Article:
Published on January 9th, 2018 | by Steve Hanley0
Tech Industry To Support Net Neutrality In Legal Slugfest
January 9th, 2018 by Steve Hanley
Information is power — and money. The fight over net neutrality involves both. In one corner, wearing blue trunks and weighing 1.84 gigatons, are Verizon, Comcast, and the rest of the cable/telecom industry. In the other corner, wearing red trunks and weighing 1.85 gigatons, are Google, Facebook, Netflix, and the rest of the tech world. One wants to gouge consumers with fat fees to access the internet. The other wants to gorge on the torrent of cash flowing into its coffers from internet users.
If anyone tries to tell you this is about consumers and free speech, ask them if they will share some of what they’re smoking. The telecoms would have you believe net neutrality makes it too expensive to build out their broadband networks to reach underserved segments of American society. Those unfortunate people in rural America deserve to be able to watch Real Housewives of Des Moines just like city slickers do. When the tech giants tell you they are protecting Mom, apple pie, and the American Way, make sure you have a firm grasp on your wallet.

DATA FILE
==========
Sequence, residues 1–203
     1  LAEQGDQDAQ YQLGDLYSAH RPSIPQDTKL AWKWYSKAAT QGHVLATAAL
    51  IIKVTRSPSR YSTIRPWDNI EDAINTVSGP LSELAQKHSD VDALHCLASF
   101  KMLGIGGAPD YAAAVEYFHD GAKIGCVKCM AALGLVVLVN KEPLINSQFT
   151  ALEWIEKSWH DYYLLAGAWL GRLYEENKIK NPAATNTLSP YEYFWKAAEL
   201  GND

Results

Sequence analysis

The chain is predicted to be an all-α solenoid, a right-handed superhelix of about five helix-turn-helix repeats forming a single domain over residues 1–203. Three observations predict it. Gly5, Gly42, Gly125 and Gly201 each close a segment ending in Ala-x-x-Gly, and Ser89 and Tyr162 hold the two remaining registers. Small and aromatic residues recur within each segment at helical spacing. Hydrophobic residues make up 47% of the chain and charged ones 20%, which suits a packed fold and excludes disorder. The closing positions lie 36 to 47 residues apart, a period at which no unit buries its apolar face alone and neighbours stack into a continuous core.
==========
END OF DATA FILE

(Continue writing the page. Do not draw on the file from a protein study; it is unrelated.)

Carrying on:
In 2014, the Federal Communications Commission, prodded by the Obama administration, decided that the internet is just a modern version of the telephone network and should be regulated as such. The telecoms cried foul and sued. The courts sided with the Obamans but the telecoms were just biding their time until there was a change in administrations.
Now with Republicans back in control of the FCC, they have gotten their revenge. In December, the commission dumped the Obama era rules into the trash and gave the telecoms the power to slow down download speeds as they see fit or even block subscribers from accessing certain sites entirely.